Our toddler and preschool programs follow the curriculum recommendations made by the New York State Education Department and the National Association for the Education of Young Children, the largest organization of early childhood leaders and educators in the United States. These groups provide specific guidelines for preschool programs based on extensive research in the areas of early childhood education, brain development and effective teaching strategies. We consult with area kindergarten teachers regularly to ensure that our program meets their criteria for school readiness.
Our toddler program focuses on providing individual attention, support, and guidance while children play, learn, explore, and grow. The curriculum emphasizes motor development, language skills, and social development. A typical day might include learning a new song, sitting on a lap for a story, dancing with scarves to music, catching bubbles on the playground, painting at the easel and washing dolls in the water table.
Toddler Room curriculum components include:
- Music and movement
- Language and cognitive development
- Science and sensory experiences
- Perceptual motor activities
- Circle time
Research indicates that phonemic awareness is perhaps the most critical precursor to reading and writing. Phoneme-related activities include games, songs, projects and stories that focus on rhyming, recognizing syllables and exploring the connections between letters and sounds.
Literacy and writing
We create a print-rich environment by
- labeling familiar items in the classroom
- providing well-stocked book corners with books, which are rotated based on themes and interest
- displaying written materials such as calendars, posters and charts throughout each interest area
- by encouraging children to write notes to parents, to make signs for block structures they have built, to label their artwork and to practice writing their names
Math and logical thinking
Children explore mathematical and reasoning concepts such as one-to-one correspondence, seriation, classification and counting. We focus on everyday activities that are meaningful to the children. For example, children might count pennies to purchase items at a pretend grocery store or sort blocks by size.
Our science activities are designed to stimulate the child's sense of wonder about the physical and natural world. Children learn to observe, question, experiment and reflect by watching beans sprout in cellophane, hatching butterflies, and mixing liquids and solids. They take nature walks, create volcanoes with baking soda, and plant seeds and flowers. In addition to planned activities, we have science learning centers that rotate throughout the year. These units include books, posters and hands-on materials on topics such as sea life, rocks and minerals, bugs, children's drawings of a flower, frogs and toads and salamanders, weighing and measuring, dinosaurs and space exploration.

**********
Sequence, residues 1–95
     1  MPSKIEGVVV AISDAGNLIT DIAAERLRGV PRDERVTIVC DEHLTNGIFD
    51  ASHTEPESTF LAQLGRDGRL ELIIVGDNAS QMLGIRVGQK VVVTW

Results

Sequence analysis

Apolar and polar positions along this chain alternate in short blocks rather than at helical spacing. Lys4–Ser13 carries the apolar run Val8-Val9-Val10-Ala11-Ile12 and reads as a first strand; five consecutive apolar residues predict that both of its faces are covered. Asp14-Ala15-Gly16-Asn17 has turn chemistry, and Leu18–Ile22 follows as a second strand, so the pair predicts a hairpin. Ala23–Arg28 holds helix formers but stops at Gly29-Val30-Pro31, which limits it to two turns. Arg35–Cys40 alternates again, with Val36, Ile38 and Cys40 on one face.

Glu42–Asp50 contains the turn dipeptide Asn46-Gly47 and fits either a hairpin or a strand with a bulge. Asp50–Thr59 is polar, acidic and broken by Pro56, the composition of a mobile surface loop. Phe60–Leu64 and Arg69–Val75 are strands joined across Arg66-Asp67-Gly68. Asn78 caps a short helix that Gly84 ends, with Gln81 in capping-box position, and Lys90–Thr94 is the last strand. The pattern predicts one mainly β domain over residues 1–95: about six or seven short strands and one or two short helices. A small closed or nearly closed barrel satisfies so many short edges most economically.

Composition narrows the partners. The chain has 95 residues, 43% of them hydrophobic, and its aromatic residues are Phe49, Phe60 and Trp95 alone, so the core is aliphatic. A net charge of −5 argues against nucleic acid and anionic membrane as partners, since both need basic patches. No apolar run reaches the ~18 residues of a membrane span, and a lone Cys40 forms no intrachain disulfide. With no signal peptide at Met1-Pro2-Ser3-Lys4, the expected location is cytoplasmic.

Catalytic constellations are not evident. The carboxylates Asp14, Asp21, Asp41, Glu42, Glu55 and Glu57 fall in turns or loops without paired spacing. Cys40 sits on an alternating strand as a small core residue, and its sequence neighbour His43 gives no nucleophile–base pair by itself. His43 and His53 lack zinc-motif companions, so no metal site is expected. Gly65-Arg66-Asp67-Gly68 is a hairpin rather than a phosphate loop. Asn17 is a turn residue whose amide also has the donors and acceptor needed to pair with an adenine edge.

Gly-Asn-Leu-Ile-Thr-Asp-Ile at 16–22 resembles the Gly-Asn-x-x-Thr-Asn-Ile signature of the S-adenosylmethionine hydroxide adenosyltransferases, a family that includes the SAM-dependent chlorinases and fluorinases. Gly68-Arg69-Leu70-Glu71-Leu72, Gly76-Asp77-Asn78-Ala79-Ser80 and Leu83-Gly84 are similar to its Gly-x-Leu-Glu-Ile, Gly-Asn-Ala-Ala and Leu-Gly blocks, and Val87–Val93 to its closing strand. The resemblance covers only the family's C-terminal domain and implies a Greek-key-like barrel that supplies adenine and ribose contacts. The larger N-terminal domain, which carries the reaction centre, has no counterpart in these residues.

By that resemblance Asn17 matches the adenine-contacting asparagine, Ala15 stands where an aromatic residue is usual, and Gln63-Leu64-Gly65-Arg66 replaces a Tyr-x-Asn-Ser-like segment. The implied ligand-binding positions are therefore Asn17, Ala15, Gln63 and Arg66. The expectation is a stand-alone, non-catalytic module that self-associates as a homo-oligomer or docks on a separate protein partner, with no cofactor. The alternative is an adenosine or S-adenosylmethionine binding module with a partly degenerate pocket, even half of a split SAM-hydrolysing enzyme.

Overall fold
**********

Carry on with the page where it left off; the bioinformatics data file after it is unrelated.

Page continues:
We believe that the process of creating art is more important than the finished product. Children explore with color, design and texture, using a wide variety of media. They gain confidence and derive the greatest satisfaction from pictures or projects that they have created themselves, without models to copy or adult interpretations of what their artwork should look like.
Music and movement
During music time, children participate in a wide variety of activities designed to enhance their understanding of music, movement and rhythm. Children learn new songs, march with instruments, bounce balls on a parachute, dance with ribbons and maneuver through obstacle courses.
Preschoolers have access to computers throughout the day. We have a wide assortment of developmentally appropriate computer software designed to challenge and teach children at each level of development.
Perceptual motor skills
Children develop eye-hand coordination and fine motor skills through activities such as tracing letters, building with blocks and Legos, stringing beads and following patterns with attribute blocks.
Themes are utilized to enhance and expand our curriculum. Typical themes include:
All About Me
All Kinds of Families
People with Special Needs
Wild and Zoo Animals
Frogs, Toads, and Salamanders
Special visitors and field trips
Throughout the year we invite visitors to enhance the themes we are developing in the classroom. These visitors include firefighters, police officers and musicians. Each fall we take a trip to an apple orchard and each spring we visit a farm. During the summer we have cookouts or picnic lunches every Friday.